Coronary artery bypass surgery can be used to treat coronary artery disease. Your doctor may have tried to treat you with medicines only. You may have also tried cardiac rehabilitation.

CAD varies a lot from person to person, so the way it is diagnosed and treated will also vary. Heart bypass surgery is just one treatment. It will be right for some people, but others may have other kinds of treatment.



Risks:

Risks for any surgery are:

  • Blood clots in the legs that may travel to the lungs
  • Breathing problems
  • Infection, including in the lungs, urinary tract, and chest
  • Blood loss

Possible risks from having coronary bypass surgery are:

  • Heart attack or stroke
  • Sternal (chest) wound infection, which is more likely to happen in people who are obese, have diabetes, or have already had this surgery
  • Post-pericardiotomy syndrome, which is a low-grade fever and chest pain. It could last up to 6 months.
  • Some people report memory loss and loss of mental clarity, or "fuzzy thinking."
  • Heart rhythm problems


Before the Procedure:

Always tell your doctor or nurse what drugs you are taking, even drugs or herbs you bought without a prescription.

During the days before your surgery:

  • For the 2-week period before surgery you may be asked to stop taking drugs that make it harder for your blood to clot. These might cause increased bleeding during the surgery. They include aspirin, ibuprofen (such as Advil and Motrin), naproxen (such as Aleve and Naprosyn), and other similar drugs. If you are taking clopidogrel (Plavix), talk with your surgeon about when to stop taking it.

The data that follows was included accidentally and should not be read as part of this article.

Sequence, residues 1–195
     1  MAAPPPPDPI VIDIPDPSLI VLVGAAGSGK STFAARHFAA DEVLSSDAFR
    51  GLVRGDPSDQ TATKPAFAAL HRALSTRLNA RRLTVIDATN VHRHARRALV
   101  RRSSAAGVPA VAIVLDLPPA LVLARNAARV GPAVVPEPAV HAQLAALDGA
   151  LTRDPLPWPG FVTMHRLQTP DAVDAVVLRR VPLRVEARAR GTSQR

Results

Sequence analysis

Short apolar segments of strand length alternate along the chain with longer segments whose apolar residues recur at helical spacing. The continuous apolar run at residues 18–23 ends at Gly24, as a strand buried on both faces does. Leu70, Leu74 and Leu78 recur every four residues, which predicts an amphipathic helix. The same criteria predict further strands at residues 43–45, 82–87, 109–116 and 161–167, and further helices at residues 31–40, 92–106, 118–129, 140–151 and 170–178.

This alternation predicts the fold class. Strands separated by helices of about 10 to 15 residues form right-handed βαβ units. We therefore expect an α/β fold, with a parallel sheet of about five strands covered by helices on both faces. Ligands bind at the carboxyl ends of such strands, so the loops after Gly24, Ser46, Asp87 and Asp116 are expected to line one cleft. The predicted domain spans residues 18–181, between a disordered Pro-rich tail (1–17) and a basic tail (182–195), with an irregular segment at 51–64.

• Ask your doctor which drugs you should still take on the day of the surgery.
  • If you smoke, try to stop. Ask your doctor for help.
  • Always let your doctor know if you have a cold, flu, fever, herpes breakout, or any other illness.
  • Prepare your home for when you are discharged from the hospital.

The day before your surgery:

  • Shower and shampoo well.
  • You may be asked to wash your whole body below your neck with a special soap. Scrub your chest 2 or 3 times with this soap.
  • You also may be asked to take an antibiotic, to guard against infection.

On the day of the surgery:

  • You will usually be asked not to drink or eat anything after midnight the night before your surgery. This includes chewing gum and breath mints. Rinse your mouth with water if it feels dry, but be careful not to swallow.
  • Take the drugs your doctor told you to take with a small sip of water.

Your doctor or nurse will tell you when to arrive at the hospital.



After the Procedure:

After the operation, you will spend 5 to 7 days in the hospital. You will spend the first few hours in an intensive care unit (ICU).

Two to 3 tubes will be in your chest to drain fluid from around your heart. They are usually removed 1 to 3 days after surgery.

You may have a catheter (flexible tube) in your bladder to drain urine. You may also have intravenous (IV) lines for fluids. There will be monitors that give information about your vital signs (pulse, temperature, and breathing). Nurses will watch your monitors constantly.